The Kosi originates in the middle Himalayas of Kumaon, Uttaranchal, India. Kosi literally means "river" and is one of the few major Himalayan rivers that does not have a glacial source. As a result, the waters are comparatively warmer than the glacial rivers. It originates in the high ridges around Kausani, draining a fair share of Kumaon's abundant monsoons, leaving the hills at Ram Nagar. The Kosi carves for itself a beautiful valley, still unspoilt, probably because for long stretches it does not run parallel to a motorable road.
Luckily there was a small village ahead where I munched on biscuits and tea while Gauri jogged back towards the road head to get the pedal welded back on the crank. The tea stall was the local hangout place and village elders sat around discussing the latest election results. We discussed local politics, development efforts and the devastating effect of fishing with dynamite and electricity. On the whole it seemed like things were going in the right direction for the village. That didn't seem true for our expedition though, as they said that the road we were currently on would peter out after a few kilometres and the bikes would not be able to get through to Betaal Ghat, where we were hoping to reach at night.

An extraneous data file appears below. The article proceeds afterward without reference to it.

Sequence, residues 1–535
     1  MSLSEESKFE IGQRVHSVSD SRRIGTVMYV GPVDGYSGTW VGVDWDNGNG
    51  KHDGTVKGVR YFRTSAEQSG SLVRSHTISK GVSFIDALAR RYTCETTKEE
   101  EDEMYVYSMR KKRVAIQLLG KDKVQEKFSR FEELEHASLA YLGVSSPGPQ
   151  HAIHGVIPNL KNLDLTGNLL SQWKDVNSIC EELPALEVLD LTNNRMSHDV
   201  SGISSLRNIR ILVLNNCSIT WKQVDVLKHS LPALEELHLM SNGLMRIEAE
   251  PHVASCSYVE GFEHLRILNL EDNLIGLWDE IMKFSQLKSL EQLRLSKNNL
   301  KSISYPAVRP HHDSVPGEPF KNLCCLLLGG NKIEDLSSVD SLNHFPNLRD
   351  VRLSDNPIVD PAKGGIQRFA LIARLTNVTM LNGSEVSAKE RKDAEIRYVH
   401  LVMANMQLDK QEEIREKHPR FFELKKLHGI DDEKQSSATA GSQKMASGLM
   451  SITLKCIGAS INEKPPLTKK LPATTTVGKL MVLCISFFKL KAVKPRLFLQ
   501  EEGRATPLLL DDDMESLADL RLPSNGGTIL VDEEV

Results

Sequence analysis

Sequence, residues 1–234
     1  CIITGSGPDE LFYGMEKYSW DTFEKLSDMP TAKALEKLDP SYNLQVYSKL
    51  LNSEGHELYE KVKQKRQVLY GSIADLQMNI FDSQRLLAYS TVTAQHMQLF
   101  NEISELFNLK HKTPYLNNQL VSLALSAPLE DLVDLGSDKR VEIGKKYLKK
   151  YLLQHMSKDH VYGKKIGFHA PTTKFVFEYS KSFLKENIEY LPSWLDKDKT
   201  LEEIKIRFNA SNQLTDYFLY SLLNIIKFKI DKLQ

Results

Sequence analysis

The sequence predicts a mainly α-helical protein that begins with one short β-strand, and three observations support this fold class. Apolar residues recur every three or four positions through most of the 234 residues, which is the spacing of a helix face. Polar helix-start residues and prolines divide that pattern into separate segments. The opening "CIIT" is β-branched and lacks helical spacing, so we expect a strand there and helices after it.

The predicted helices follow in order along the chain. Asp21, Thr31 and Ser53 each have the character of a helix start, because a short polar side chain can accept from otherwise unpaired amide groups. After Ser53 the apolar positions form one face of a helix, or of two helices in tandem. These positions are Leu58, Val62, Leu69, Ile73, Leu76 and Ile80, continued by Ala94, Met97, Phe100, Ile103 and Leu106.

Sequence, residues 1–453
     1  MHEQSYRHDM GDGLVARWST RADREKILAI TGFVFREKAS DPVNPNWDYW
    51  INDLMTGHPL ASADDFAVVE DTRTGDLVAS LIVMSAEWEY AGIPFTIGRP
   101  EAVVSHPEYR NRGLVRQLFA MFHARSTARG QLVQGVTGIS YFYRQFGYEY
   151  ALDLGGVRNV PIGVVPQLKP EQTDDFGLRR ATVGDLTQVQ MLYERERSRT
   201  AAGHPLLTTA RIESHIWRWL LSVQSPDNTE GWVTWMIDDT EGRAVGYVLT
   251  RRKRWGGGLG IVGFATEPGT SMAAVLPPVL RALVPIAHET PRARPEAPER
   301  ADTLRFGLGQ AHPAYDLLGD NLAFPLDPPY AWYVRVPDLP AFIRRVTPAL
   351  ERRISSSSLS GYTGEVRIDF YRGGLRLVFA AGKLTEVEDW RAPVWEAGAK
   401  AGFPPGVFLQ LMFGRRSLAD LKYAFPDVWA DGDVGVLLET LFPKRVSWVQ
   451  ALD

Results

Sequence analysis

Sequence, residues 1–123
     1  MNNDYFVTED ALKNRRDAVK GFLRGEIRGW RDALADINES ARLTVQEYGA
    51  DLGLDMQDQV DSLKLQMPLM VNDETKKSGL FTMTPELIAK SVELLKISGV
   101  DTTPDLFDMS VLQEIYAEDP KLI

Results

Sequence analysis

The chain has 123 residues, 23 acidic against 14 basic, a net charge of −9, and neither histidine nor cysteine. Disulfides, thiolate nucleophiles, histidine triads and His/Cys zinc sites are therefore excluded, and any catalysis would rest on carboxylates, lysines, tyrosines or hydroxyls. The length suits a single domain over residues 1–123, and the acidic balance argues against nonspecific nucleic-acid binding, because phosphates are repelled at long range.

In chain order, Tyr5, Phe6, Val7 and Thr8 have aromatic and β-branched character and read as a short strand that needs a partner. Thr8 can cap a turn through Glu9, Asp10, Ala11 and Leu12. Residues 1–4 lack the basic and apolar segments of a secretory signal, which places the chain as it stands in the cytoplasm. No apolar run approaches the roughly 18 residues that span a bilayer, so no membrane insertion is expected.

The road climbed steadily and we enjoyed beautiful views of the Kosi valley as it opened out and was probably a kilometre wide at this point. The setting sun put a mellow shadow on the valley and we both plugged on in silence, the only sound coming from the squeaking of the Billy hanging off Gauri's rucksack. It was a funny sight, Gauri riding his bike and the Billy hanging off the right side off his rucksack attached to the bike carrier, swinging wildly. It suddenly struck me that this was it! This was what I came for. To be lost, to be anonymous, to be swinging wildly, to be free. I was free. It was one of those rare moments of extreme clarity, like you've just figured it all out! That's the beauty of travelling. Inspiration strikes you at the most unexpected places - panting like a dog cycling up a steep hill in the middle of undiscovered Kumaon. You just cannot predict or pre-arrange it.